padding: 6px 12px;
  font-size: 14px;
  text-align: center;
  border-radius: 4px;
  color: #fff;
}

.btn-primary {
  background-color: #3498db;
}

.btn-secondary {
  background-color: #e74c3c;
}

Do you see how powerful this feature is? Sass combined the selectors instead of repeating the same declarations over and over, saving us precious memory.

Mixins

Mixins are another awesome feature of sass.

Basically, a mixin allows us to make groups of CSS declarations that we want to reuse for our website. We can pass values as arguments, this allows our mixin to be more flexible.

Sass uses the @mixin directive to define mixins, and the @include directive to use them. Let’s build a simple basic mixin border-radius that we can use for buttons.

/*
// We declare the mixin.
*/
@mixin border-radius($radius) {
  -webkit-border-radius: $radius;
     -moz-border-radius: $radius;
      -ms-border-radius: $radius;
          border-radius: $radius;
}

/*
// We apply it on our button.
*/
.btn {
  @include border-radius(4px);
}

Which compiles to this:

.btn {
  -webkit-border-radius: 4px;
  -moz-border-radius: 4px;
  -ms-border-radius: 4px;
  border-radius: 4px;
}

This is an efficient way of using mixins, if a property requires prefixes to work in all browsers.

Conclusion
This is it, a basic introduction to sass. Sass is an extremely powerful tool that helps us do some really incredible things. We’ll cover more cool and advanced stuff in the next tutorial.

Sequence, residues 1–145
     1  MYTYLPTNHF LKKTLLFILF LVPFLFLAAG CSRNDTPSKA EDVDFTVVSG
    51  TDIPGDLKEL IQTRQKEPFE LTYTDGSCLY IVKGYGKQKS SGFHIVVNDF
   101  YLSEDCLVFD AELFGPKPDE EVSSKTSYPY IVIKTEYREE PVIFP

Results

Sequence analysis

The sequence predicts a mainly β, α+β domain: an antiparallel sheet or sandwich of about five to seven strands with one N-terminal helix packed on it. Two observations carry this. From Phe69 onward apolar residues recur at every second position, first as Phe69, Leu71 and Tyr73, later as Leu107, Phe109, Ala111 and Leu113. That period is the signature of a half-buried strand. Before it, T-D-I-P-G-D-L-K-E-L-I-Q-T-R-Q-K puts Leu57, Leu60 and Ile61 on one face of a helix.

Let me know what you think in the comments section.

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4 Comments
  1. ginbrookesandy brookes Apr 14, 1:08 pm

    Just starting to look at SASS ; i’m assuming you load up the compiled version of the CSS, in which case why write $blue: #3498db; when you can just write background-color: #3498db; straight off into CSS ?

    or is it the case that SASS code is “interpreted ” on the fly like PHP? I was thinking that if the code had variables like $mycolor:#fff; maybe that value could be changed on the fly. You can change elements of a web oage using JQuery , so what the advantage of SASS?

    • Marius Apr 16, 11:21 am

      No, SASS is a “compiled language”, after the compile process you will have a good old CSS file.

      In a nutshell you should use SASS to break your styles into modules and also SASS works very well for techniques like BEM.

    • Matt Murtaugh Apr 18, 11:49 pm

      SASS variables are great because you have to change a value in one place, and it will change it everywhere.

      I’ll give you a made up example. A few years ago Spotify changed the shade of green they use. If their stylesheets for their website were using SASS variables, they could have changed that shade of green everywhere on their site by changing the variable. They wouldn’t have had to hunt down each individual time the color was applied.

      This can save you a massive amount of time.

    • Kris Apr 19, 12:23 pm

      A good example would be if you needed to change the hex value of that blue colour if say the colour pallet for the site you are working on changes, you can literally replace it in one place (normally where you declare your variables) and it will then re-compile on save and change everywhere it needs to in your CSS. Loads quicker than doing a find / replace.

      Just one of the many good uses for SASS :-)